I will try not to get too extensive in this comment, but you did say “Join the Discussion!”.

    One of the important things to note about Mark is that everything after 16:8 has been added on by later copyists. There is debate over whether Mark intends to stop there or if we lost the last bit. I happen to think he stopped there, but that puts me in a minority opinion. Either way, we know that is the last of Mark’s original work as we have it handed down to us through the centuries. And the really baffling thing is that if he stops there, we don’t actually have a narrative account of Jesus’s resurrection in Mark.

    That is all the further I am going to bark up that tree on this comment; there is a ton I could say, but this needs to be brief.

    But if my observation is right, it means Mark’s whole Gospel story is driving us to look at Jesus’s death. The resurrection is left to our imagination (and in fact my overarching thesis is that Mark wants to do that – but that is getting into a lot of complexity).

    So, my point is that death and resurrection FUNCTION in mysterious ways for us readers of Mark’s Gospel. And we get our first hint of it when Jesus heals Peter’s mother-n-law in 1:30-31. She is not dead. Sick and lying down with a fever, alright… but the text gives NO SENSE that anyone thinks she is dead. But the Greek verb used for the way Jesus heals here is RAISED – the same kind of raise you get when you raise the dead. Point being, this woman is sorta OVERLY healed!

    That might not be so remarkable actually if not for some of the other dead/not dead people Jesus raises. And this is very easy to miss, but once you see it… well, it doesn’t just go away…. Notice Jairus’s daughter in 5:35-43. The messengers come to say she is dead. By the time they get to her, the funeral mourners are already there. The girl is 12 years old – younger than the audience you are addressing with your post! But Jesus claims she is JUST SLEEPING! But then he RAISES her. And it aint just a simple nudge that wakes up sleepers from usual sleep. But he said she was SLEEPING, and he aint a liar! So what is this… exactly??? What is God’s view of death here!???!

    Mark is not done with this weirdness yet. In 9:14-29, Jesus casts out a demon (I should say, yet another demon, because if you read it from the start, you notice this aint the first one, but in fact this one is a bit different). The disciples, who have become accustomed to driving demons out, could not drive THIS one, so Jesus does it for them. And when he does, the boy “becomes LIKE a corpse”. In fact the crowd thinks he is dead. Now, I don’t know if someone checked for a pulse or not (the ancients would know to do that). But either way, Jesus RAISES this boy too!

    Now I could add other bits that will enhance this observation, but these are enough for a strip down version for my questions. I could drag in stories from the other gospels too, but they did not write until AFTER Mark, so the earliest readers would not have been ABLE to run to John’s Gospel and look at Lazarus’s story and so forth. And, anyway, John highlights OTHER things and allows stories to have OTHER functions… so this is a MARK question, even though it is a GOD question as well? But I want to know what Mark is doing with death and resurrection, because is sure is strange.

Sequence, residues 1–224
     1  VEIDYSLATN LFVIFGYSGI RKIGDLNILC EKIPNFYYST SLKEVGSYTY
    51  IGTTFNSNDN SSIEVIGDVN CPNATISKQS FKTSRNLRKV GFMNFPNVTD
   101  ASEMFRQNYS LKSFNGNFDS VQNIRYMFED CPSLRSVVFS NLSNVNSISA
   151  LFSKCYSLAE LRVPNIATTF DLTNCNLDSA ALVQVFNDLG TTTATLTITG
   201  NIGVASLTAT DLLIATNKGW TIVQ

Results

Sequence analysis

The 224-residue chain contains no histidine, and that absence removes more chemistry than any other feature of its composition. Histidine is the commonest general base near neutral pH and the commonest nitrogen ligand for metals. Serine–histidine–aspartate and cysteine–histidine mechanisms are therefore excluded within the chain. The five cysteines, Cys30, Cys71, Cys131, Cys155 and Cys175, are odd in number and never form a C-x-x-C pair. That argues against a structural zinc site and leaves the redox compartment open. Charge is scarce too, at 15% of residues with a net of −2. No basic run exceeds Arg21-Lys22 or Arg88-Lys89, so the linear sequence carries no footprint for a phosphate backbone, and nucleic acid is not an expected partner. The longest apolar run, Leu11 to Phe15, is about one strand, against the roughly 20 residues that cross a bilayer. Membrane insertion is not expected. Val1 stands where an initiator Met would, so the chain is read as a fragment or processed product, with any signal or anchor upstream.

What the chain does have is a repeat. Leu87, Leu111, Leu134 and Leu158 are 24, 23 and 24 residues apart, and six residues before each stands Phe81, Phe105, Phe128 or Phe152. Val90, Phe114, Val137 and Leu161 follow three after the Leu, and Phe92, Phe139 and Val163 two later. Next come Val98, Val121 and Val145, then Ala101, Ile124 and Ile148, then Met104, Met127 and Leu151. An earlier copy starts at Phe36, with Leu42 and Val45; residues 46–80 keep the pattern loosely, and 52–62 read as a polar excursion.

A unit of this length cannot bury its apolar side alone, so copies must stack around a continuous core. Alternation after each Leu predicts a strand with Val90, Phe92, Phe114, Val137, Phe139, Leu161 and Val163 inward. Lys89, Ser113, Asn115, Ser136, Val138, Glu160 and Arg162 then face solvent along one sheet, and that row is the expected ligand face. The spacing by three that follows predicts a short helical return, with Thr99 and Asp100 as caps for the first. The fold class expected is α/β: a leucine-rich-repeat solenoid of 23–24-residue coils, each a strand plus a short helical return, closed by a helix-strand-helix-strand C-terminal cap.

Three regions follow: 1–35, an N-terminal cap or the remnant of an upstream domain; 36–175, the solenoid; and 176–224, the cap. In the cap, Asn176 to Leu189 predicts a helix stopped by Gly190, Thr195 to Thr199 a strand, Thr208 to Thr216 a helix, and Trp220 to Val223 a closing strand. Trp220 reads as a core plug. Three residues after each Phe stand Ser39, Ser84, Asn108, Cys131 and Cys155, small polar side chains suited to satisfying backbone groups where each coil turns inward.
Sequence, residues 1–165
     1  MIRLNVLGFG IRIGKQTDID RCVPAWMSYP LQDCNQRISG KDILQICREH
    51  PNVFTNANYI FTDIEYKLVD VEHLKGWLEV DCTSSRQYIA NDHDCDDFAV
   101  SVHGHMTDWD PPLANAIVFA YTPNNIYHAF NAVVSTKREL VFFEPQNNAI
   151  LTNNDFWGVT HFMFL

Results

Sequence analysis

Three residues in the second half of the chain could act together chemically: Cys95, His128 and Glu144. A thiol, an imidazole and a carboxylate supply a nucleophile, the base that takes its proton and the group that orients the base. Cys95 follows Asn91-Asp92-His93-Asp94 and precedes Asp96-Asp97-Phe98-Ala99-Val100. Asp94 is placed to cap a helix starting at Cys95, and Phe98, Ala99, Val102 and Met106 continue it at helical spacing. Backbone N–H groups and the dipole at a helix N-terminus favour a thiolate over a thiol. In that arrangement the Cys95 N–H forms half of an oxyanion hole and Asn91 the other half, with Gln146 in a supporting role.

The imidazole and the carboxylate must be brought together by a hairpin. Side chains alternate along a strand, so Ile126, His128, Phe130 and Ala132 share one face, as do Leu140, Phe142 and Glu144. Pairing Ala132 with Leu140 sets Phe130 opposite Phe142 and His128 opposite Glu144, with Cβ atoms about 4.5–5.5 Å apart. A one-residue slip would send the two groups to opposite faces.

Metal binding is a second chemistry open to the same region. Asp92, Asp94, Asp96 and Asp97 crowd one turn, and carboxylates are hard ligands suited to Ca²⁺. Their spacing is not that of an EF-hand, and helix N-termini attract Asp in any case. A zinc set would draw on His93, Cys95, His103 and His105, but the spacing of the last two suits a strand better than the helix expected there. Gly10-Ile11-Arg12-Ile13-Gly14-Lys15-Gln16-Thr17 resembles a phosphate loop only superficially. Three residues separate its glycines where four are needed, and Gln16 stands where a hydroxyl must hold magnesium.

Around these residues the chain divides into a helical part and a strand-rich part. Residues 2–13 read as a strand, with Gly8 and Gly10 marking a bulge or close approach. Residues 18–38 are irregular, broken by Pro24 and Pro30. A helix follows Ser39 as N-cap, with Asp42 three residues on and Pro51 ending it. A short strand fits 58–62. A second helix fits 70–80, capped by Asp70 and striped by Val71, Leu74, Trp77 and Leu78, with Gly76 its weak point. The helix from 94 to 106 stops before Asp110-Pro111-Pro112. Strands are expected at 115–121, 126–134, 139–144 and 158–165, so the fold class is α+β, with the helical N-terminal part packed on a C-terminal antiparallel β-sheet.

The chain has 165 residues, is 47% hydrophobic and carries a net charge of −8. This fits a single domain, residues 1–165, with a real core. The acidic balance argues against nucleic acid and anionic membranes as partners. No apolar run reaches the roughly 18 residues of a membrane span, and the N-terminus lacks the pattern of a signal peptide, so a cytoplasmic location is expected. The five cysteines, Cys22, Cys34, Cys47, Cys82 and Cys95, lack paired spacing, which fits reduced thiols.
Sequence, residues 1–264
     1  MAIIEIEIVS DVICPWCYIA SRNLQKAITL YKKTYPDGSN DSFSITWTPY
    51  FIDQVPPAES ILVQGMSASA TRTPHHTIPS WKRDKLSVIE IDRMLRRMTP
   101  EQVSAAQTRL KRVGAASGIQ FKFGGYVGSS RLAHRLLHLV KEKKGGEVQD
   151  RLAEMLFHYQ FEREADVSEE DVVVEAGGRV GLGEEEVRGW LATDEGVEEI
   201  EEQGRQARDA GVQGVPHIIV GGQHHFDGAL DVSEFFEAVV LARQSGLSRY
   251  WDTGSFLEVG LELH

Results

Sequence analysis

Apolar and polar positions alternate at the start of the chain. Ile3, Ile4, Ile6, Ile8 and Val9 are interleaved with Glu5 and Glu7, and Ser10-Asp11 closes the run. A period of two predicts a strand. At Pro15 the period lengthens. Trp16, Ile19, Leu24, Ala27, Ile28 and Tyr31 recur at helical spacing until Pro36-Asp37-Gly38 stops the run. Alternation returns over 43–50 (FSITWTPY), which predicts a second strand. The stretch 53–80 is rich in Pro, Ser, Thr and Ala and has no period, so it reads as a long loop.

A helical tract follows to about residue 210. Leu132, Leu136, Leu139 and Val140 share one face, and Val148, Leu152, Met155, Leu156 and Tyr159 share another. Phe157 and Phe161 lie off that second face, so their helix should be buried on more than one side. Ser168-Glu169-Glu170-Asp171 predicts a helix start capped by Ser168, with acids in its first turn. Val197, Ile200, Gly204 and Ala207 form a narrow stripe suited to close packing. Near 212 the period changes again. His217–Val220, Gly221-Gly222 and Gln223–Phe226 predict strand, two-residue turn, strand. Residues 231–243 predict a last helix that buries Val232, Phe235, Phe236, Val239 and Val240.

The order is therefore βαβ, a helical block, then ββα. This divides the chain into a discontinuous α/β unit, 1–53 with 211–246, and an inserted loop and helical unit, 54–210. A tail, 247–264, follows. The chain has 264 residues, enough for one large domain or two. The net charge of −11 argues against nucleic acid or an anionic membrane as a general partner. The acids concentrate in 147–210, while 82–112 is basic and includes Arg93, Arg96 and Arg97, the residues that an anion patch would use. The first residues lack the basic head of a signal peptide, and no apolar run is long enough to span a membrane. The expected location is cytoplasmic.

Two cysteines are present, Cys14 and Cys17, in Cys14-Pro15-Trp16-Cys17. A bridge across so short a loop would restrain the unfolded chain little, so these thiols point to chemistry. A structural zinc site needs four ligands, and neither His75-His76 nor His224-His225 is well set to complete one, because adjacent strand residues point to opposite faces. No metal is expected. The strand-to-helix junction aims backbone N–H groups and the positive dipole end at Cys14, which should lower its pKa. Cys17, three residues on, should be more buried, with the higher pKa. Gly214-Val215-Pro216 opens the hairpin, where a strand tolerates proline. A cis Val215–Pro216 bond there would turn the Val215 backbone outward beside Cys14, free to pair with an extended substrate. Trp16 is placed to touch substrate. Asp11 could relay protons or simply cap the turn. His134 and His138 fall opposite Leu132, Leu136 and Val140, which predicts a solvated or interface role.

Are these people dead? Really dead? or just a sleep? And I notice you chose to say that Adam and Eve did not actually die – at least not from eating the fruit (by that I presume you mean not right away). But I know godly scholars who would suggest they did actually die when the ate the fruit. That LIFE ABUNDANT which Jesus brings to the world eons later is somehow gone from them upon sinning and eating that fruit. Could the absence of that LIFE be called death? Some say, YES. You said, NO. But then I get to this strange phenom in Mark, and I find some kind of theological dance going on here.

    I wonder if you have some thoughts on it.

    I, of course do to, but I have no firm conclusions. I would love someone having a discussion to consider this stuff with me!


    Liked by 1 person

    1. I’m extremely late to the game on this one! Andy wrote the post and I never checked out the comments. I think there’s a few points to consider.
      One is that “sleeping” has always been a euphemism for death – so Jesus isn’t “lying” as much as he’s making a cultural colloquialism that everyone around him understood. Paul also uses sleeping as a reference to death, and it held a special significance in cultures that believed in an afterlife. Sleep is where you go with the hope of waking up, so sleep is a good analogy for death and resurrection.
      Another point is that Jesus tended to keep secret his identity and ask others to do the same. Looking in other Gospels, he frequently warns people not to share the conclusions they came to about his identity. This was so he could reserve that until the proper time; to outright say he was God in the first year of his ministry would prematurely end his time on earth and he still had much to do. By saying people were asleep, he could give people an “out” to question whether he was miraculous.
      Finally, I do believe there is a distinction between physical death and spiritual death. Adam and Eve’s perfect nature or intended paradise or heightened intimacy with God all died with the fruit, even though they did not die physically. Paul again uses this frequently, they idea that we were dead in our sin and only by God have we been brought back to life as it was intended, life in relationship with him.
      Hope some of that helps clarify. I believe every time someone was resurrected in the New Testament, they were actually physically dead. But these are miracles that point to greater things – that God is compassionate and that the God who can resurrect the physical can also, more importantly, resurrect the spiritual. He can redeem our bodies and lives, yes – which gives us greater confidence he can redeem our dead spirits and our broken relationship with him.